What makes a great agency?

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I started working full time in the hospitality industry in 1993 and have spent the majority of my career working for major global hotel brands such as Hilton, Marriott and IHG. Recently I’ve joined Conference Care, a leading UK Venue finding and event management company, as Sales Director. A colleague who also works in hotels commented, slightly tongue in cheek, that I’ve gone over to the dark side. This has prompted me to think about the three-way relationship between venues, agencies and customers that touches all of us within this industry and now, more than ever, this will lead customers to consider, what value does my agency add?

My passion for the meetings and events business was first ignited by my first ever job as Sales
Co-ordinator at the Hinckley Island Hotel in Leicestershire. We were an unusual venue in that we had two main meeting rooms that each had a capacity of 400 people. Watching the elaborate sets being built and then watching our Conference Services Manager, Sue, run these events with the precision of a military sergeant major really gave me an insight and an understanding of how to sell this space to customers both from a sales and operational perspective. Fast forward a few years to the 3rd of September 2001 and I started my dream job, Sales and Marketing Manager at the Marriott Forest of Arden in Warwickshire. In three weeks’ time, our nearest competitor, the Belfry, was due to host the 2001 Ryder Cup, an event with a great sporting tradition. The Ryder Cup was set to be an amazing event for the whole of the Midlands area. The immediate impact on our 214-bedroom hotel, much to the delight of my GM, Heiko Figge, was that we were due to deliver a record month in turnover for Marriott. And then, on the afternoon of Tuesday 11th September, the terrorist attack on the twin towers happened. It had a global impact on the hospitality industry. The Ryder Cup was postponed to the following year, many events were completely cancelled, others postponed. Marriott, to their credit (they had a hotel in the twin towers and a number of Marriott colleagues died in the attack), instructed their hotels to be understanding in their customers cancellation requests and agreed not to charge fees, given the unprecedented circumstances.

Fast forward 19 years and I’m again starting a great role in the midst of a global crisis. This time Covid 19 has brought ours and many other industries to their knees.

So, let’s start with a few facts and figures. According to The Business Visits and Events Partnership (BVEP), the UK events industry is worth an estimated £70 billion per annum. This incorporates conferences and meetings, corporate hospitality, outdoor events, exhibitions and music events. Bear in mind, this is direct spend only, the indirect spend in bars, restaurants and transport would raise this considerably. The cancelling of large events can affect entire cities’ economies.
The wider implications on the economy can be illustrated by The Edinburgh festival, due to take place in August until it was called off last week. The festival generates hundreds of millions of pounds for the local economy. Taxi drivers, restaurants and hotels will miss out. The Creative Industries Federation has warned of a cultural catastrophe, with its chief executive, Caroline Norbury, saying that companies could go under in weeks. The cancellation affects 25,000 performers.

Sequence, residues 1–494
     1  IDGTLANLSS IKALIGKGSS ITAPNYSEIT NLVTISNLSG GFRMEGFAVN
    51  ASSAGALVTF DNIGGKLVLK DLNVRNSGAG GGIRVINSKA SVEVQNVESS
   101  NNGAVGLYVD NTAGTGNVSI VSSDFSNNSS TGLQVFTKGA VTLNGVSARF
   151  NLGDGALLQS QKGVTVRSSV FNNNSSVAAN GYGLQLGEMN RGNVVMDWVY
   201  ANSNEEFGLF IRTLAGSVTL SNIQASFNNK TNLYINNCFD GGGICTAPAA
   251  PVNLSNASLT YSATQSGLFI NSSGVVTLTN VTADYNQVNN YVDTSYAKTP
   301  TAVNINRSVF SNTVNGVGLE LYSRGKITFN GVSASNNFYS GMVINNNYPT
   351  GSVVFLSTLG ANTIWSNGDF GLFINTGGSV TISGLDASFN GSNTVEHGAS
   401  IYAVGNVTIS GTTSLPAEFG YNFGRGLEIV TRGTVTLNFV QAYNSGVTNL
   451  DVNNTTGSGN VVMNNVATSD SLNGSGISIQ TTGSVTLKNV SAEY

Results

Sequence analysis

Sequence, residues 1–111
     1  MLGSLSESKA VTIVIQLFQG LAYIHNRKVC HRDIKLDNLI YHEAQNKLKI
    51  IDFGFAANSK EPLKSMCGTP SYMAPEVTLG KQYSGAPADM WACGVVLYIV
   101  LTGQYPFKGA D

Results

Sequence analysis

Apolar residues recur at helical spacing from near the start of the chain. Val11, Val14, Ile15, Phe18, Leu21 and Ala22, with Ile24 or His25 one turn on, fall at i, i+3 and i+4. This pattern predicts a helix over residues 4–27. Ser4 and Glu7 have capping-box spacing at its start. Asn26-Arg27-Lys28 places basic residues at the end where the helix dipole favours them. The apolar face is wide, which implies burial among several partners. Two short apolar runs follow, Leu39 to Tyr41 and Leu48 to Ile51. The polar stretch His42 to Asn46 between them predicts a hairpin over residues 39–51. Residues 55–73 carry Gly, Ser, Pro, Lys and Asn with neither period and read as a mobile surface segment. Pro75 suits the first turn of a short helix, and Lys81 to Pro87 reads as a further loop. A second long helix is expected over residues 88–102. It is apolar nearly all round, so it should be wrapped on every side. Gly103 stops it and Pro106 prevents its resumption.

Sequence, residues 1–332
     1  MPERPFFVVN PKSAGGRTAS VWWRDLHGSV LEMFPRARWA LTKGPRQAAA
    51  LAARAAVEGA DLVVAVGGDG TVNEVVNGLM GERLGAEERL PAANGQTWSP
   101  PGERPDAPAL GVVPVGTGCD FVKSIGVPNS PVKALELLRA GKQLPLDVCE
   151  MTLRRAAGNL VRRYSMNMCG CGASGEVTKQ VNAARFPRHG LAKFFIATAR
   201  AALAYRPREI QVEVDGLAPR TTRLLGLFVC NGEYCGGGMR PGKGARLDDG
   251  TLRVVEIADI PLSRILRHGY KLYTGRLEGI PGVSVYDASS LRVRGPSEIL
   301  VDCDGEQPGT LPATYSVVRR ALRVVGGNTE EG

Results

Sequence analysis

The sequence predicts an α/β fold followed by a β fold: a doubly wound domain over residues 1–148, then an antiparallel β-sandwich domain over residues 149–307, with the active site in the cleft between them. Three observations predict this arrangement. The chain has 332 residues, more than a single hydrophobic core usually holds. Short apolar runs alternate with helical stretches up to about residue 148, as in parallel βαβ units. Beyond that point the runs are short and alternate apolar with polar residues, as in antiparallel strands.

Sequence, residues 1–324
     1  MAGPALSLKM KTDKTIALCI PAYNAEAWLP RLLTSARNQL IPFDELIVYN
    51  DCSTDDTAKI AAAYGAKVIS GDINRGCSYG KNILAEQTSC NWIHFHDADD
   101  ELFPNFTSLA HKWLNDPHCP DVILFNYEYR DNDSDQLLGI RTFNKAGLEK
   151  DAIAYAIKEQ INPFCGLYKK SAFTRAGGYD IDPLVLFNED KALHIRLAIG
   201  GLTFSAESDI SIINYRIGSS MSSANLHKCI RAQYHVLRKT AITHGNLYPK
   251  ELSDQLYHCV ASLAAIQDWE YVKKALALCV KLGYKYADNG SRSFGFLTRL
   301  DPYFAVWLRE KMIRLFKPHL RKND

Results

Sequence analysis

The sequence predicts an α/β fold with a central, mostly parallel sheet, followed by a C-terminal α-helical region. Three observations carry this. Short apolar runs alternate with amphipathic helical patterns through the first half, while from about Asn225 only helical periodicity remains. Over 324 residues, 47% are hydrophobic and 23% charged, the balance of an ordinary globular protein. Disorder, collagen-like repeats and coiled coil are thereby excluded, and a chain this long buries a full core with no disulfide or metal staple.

We work in a seasonal business and the immediate impact of the current social distancing initiative to stop the spread of Covid 19 means that for April, May and June as a minimum, there will be no live events, conferences or sporting events. That wipes at least £17.5 billion out for the next 3 months, with many corporate customers saying they are not considering booking any events until at least September so there will be a longer-term reach on our industry.

A very non-scientific straw poll of FTSE 100 companies would reveal that at least 80% of them outsource their Meetings and Events business to a third-party agency. I suspect that most of these organisations also probably don’t insure against cancellation in normal times and even if they do, with the notable exception last week of the All England Club, pandemic might not be a consideration in previous insurance policies, leading to numerous battles with insurance companies to recoup lost revenues.

So, in these unprecedented times, if you have contracted your business to an agency, this is how they really earn their money and demonstrate the strength of that three-way, customer, venue, agency relationship. Go onto most agency websites and at the heart of their customer proposition lies three things :- 1) we will save you time 2) we will save you money  3) we will ensure you deliver a great event with a tangible ROI.

Now, more than ever, is the time to test this theory. Over the past few weeks, both pre and post starting with Conference Care, I’ve seen a range of responses from venues. From charging full 100% cancellation charges (quite within their contractual rights of course, as cash flow is absolutely crucial to all businesses, whether large or small) to waiving initial cancellation charges providing the client rebooks within a certain period and a whole range of different solutions in between. Procurement professionals are looking to their agency partners beyond cost saving which is a key marker in times of normal business, to instead focus on cost avoidance. How much an agency can mitigate in cancellation charges is a question that will be asked up and down the UK at the moment.  The strength of your agency will determine just what this cost avoidance figure looks like for your individual business. So, let’s look at what makes a great agency and then we can explore how this impacts on the current situation we find ourselves in: –